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Your computer has an IP address. Did you know it has a name?

Red and white blank name tag on a white background

Are you and your computer on a first-name basis? That is to say, did you know your computer has a name if it’s on a network? Fact is, every computer on a network has both a name and an IP address. (On a network, your computer is referred to as a “host.”)

Why a name and a number?

The reason makes sense: Names are easier for people to remember than numbers. But computers deal strictly in numbers… zeroes and ones.

For instance, if you had a computer in the office and one in your kitchen and you put them on your home network, you might name them “OfficePC” and “KitchenPC.” Or you could call them “JoesPC” and “JillsPC,” and identify them by user. It’s up to you.

If you’re on a work computer, your network probably identifies you by name first, since your IP address can change fairly regularly. If you contacted your IT department, they’d likely ask for or look up your computer name and match it to your IP address.

Even printers and scanners connected to a network will have both a name and an IP address. So when you select a printer by name to print to, the network connects to it by its IP address.

What is your computer’s name?

You already know how to find your IP address: just go to and it shows up. It will always show your current IP address—so if you’re in a hotel or on the road, it will show the IP address you are using precisely at that time. However, most people don’t know their computers have a name, let alone know how to find it.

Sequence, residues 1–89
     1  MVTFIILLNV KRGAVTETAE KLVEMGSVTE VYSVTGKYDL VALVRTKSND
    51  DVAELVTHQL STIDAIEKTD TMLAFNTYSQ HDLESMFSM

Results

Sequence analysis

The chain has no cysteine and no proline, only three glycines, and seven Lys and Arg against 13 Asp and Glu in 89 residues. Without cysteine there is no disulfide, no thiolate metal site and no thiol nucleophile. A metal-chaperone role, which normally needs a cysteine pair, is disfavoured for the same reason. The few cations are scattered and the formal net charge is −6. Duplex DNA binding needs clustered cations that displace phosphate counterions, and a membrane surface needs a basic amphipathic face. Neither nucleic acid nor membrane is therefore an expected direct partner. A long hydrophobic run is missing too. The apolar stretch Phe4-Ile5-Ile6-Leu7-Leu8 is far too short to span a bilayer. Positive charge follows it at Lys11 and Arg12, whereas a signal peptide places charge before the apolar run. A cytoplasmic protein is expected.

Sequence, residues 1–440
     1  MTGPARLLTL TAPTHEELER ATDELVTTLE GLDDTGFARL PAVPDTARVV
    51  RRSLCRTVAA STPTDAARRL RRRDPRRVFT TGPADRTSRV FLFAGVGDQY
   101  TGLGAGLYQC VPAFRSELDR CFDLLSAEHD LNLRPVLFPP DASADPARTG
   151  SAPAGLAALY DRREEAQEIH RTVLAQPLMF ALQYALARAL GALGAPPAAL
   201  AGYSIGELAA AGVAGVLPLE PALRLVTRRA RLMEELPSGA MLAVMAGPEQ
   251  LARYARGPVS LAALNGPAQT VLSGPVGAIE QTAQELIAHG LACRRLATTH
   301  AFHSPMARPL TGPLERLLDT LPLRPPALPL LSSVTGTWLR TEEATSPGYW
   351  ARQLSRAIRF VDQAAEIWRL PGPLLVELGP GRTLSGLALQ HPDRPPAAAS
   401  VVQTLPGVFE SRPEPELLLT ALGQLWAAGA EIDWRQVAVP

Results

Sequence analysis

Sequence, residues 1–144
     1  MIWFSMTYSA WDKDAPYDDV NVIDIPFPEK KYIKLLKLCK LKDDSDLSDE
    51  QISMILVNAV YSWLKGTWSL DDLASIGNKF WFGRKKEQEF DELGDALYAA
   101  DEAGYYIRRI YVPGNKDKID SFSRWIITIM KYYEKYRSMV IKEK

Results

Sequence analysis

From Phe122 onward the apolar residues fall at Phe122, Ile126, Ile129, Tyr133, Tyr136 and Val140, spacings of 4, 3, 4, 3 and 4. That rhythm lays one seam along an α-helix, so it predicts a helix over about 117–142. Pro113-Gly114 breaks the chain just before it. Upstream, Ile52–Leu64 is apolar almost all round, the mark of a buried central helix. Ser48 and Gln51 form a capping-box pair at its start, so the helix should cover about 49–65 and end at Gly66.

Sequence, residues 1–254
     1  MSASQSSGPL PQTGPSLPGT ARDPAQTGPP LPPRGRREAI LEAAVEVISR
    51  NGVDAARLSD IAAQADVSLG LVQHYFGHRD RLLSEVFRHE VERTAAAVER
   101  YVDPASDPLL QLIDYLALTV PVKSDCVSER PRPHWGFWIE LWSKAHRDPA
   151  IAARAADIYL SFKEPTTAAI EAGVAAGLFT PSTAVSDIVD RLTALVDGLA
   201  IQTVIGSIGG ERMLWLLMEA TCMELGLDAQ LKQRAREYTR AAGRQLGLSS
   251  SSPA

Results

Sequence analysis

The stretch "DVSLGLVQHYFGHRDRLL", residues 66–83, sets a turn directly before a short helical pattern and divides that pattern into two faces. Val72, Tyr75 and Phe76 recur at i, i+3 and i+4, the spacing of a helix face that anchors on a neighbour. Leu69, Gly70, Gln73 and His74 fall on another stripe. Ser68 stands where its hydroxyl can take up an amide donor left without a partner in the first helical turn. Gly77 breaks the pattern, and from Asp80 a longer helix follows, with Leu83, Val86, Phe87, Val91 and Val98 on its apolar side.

Finding your computer’s name

Here are instructions for both Macs (Apple computers) and for PCs (personal computers, which use the Windows operating system).

If you have a PC:

  • On the Windows desktop (main screen), right-click on “My Computer”
  • Select “Properties”
  • Select the “Computer Name” tab
  • You’ll see your computer’s name.

If you have a Mac:

  • Click on Apple logo (menu)
  • Select “System Preferences”
  • Select “Internet & Network”
  • Select “Sharing”
  • You’ll see your computer’s name.

Chances are you won’t need to remember your computer’s name (the need to share it doesn’t come up that often). But it’s good to know how to find it for that day you’ll need it.

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